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Cablegate: Norwegian University to Vote On Boycott of Israeli

VZCZCXRO4576
PP RUEHIK
DE RUEHNY #0705/01 3141357
ZNR UUUUU ZZH
P 101357Z NOV 09
FM AMEMBASSY OSLO
TO RUEHC/SECSTATE WASHDC PRIORITY 7961
INFO RUEHXK/ARAB ISRAELI COLLECTIVE PRIORITY
RUEHZL/EUROPEAN POLITICAL COLLECTIVE PRIORITY
RHEHAAA/NATIONAL SECURITY COUNCIL WASHINGTON DC PRIORITY

UNCLAS SECTION 01 OF 02 OSLO 000705

SENSITIVE
SIPDIS

E.O. 12958: N/A
TAGS: PHUM PREL SCUL IS NO
SUBJECT: NORWEGIAN UNIVERSITY TO VOTE ON BOYCOTT OF ISRAELI
ACADEMICS

REF: DANIELS-SELINGER (OSLO/EUR) E-MAILS NOV 6-10 2009

OSLO 00000705 001.2 OF 002


1. (SBU) The board of Norway's University of Science and
Technology in Trondheim (NTNU) will vote November 12 to
decide whether to establish an academic boycott of Israel.
Norwegian Minister for Research and Higher Education Tora
Aasland (Socialist Left Party, SV), in an interview with
leading newspaper Aftenposten November 9, stated that she is
against the boycott proposal and that her statement reflects
official government policy. The boycott, she said, would go
against both academic freedom and the legal right of
academics and researchers to choose their subjects and
research methods. As the responsible minister, Aasland will
be called to answer questions on the issue during a
parliamentary question hour on Wednesday, November 11,
according to media comments by opposition Christian
Democratic Party (KrF) MP Hans Olav Syversen, who opposes the
boycott. Syversen points out that Norwegian universities are
state-owned, and asks in his media comments, "Are the
universities' boards free to make decisions about attitudes
on Norwegian foreign policy?"

2. (SBU) PolEcon Counselor called MFA Coordinator for North
America Morten Aasland (no known relation to Minister
Aasland) November 9 to seek MFA's views on the boycott vote.
Aasland appreciated the Embassy's interest and the chance to
comment. He said the academic boycott being proposed by
"certain students and researchers at NTNU" is entirely
contrary to Norwegian government policy of freedom of
academics to choose their own connections, which is grounded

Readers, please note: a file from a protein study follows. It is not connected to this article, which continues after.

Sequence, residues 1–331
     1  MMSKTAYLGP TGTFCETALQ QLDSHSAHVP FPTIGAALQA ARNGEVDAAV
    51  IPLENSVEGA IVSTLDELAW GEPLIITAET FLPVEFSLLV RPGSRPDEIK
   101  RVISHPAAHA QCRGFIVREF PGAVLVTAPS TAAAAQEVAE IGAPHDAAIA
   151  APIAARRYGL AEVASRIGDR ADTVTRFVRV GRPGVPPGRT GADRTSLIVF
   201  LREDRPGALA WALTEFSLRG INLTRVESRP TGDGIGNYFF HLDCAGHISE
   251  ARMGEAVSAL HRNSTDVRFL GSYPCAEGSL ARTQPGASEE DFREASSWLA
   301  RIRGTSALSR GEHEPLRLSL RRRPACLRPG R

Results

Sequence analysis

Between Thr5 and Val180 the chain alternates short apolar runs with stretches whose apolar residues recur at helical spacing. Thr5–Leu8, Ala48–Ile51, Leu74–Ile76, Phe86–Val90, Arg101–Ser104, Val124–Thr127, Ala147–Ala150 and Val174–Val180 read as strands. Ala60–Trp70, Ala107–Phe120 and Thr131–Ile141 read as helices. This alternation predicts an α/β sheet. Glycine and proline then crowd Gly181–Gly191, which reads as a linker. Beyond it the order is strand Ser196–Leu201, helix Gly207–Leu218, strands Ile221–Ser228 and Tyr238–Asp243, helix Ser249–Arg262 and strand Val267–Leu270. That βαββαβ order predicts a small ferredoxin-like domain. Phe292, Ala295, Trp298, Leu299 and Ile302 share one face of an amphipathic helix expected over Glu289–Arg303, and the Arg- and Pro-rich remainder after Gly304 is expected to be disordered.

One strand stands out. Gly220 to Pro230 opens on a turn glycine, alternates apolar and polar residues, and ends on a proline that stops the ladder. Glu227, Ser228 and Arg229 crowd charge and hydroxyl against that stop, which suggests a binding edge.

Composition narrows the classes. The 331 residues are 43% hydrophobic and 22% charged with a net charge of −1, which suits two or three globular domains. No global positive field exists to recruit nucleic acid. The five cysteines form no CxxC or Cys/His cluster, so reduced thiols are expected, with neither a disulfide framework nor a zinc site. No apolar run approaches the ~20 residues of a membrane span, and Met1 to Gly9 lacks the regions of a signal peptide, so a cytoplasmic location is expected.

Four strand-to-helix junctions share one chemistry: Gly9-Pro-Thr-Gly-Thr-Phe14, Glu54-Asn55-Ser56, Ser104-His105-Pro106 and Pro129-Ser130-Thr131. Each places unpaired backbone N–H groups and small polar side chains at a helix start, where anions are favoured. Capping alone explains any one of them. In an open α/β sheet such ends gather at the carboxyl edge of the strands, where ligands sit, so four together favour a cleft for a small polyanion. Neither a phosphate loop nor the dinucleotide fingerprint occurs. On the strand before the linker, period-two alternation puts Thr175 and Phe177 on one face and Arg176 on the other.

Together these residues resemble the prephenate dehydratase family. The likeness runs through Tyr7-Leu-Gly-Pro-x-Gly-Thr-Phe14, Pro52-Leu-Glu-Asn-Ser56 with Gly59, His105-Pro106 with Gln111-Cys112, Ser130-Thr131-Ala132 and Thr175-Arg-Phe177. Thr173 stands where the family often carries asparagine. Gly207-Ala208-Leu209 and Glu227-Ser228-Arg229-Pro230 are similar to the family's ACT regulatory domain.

in Norwegian law. Minister Aasland's comments earlier in the
day were "precise and correct," he said. He added that
Foreign Minister Stoere shared Minister Tora Aasland's views
and had strong opinions against the boycott proposal, but
felt somewhat constrained in addressing the issue publicly as
it falls directly under Minister Aasland's responsibilities
and hits on the delicate subject of the independence of
academic institutions in Norway. The MFA feels certain the
boycott will not muster the votes to be adopted, Morten
Aasland added.

3. (SBU) Separately, the DCM had contacted Israeli DCM Aviad
Ivri November 6 to ascertain the Israeli Mission's responses
and actions to date on the threatened boycott. Ivri
responded November 10. He said the boycott proposal had been
preceded by a series of six anti-Israel lectures at NTNU,
which began in September 2009. The series, entitled
"Israel-Palestine conflict: what is research-based
knowledge?" had been supported by NTNU's Rector Torbjoern
Digernes. The Israeli Embassy in Oslo wrote a letter to
Digernes, raising objections about the series, to which the
rector chose to respond in blog postings. These postings
generated a worldwide debate "which the rector lost,"
according to Ivri. He added, "This all happened before we
discovered the coming vote (at NTNU on the proposed
boycott)." Ivri said another blogosphere debate over the
boycott has since taken place, which, he said, "the
university again lost."

4. (SBU) The Israelis raised the issue with the Norwegian
Foreign Ministry (we understand this included an approach to
the head of the Middle East section, Jorn Gjelstad), and
briefed two Norwegian newspaper editors, which Ivri said
"resulted in wonderful articles over the weekend" opposing
the boycott. Embassy Oslo notes that NTNU rector Digernes has
now come out clearly and publicly condemning the proposed
boycott being considered by the NTNU Board, both in an
interview November 3 with local Norwegian newspaper Adressa
and in comments carried Sunday November 9 as part of a full
page article condemning the boycott, written by
Culture/Debate editor of Aftenposten Knut Olav Aamas.

5. (SBU) According to Ivri, 28 professors and assistant
professors, led by NTNU Professor Bjoern Alsberg, have signed
a petition (a translated version of which can be found on the
Scholars for Peace in the Middle East website, www.spme.net)
opposing the boycott, while 34 NTNU professors signed a
petition requesting the boycott. According to media here, as
of November 9, Alsberg's petition against the boycott has
garnered wide-spread support and possibly several thousand
signatures, including from 13 Nobel laureates. An editorial
in large circulation Norwegian newspaper VG November 9
blasted the academic boycott proposal as "An Academic
Scandal." One excerpt from that editorial follows: "Thoughts
are free. When thoughts and opinions meet, that moves the
world forward. If there's one place in the world where
opinions and ideas do meet, it's Israel. Academics are often
among those who go against the grain of official Israeli
policies. Many Israeli academics call for dialogue rather

OSLO 00000705 002.2 OF 002


than confrontation to resolve conflicts in teh Middle East.
This makes it all the more absurd to boycott Israel's
thinkers."

6. (SBU) Embassy Oslo continues to follow these developments
closely and stands ready to engage further if Washington
signals any additional USG concerns we could usefully relay
to the GON.
WHITE

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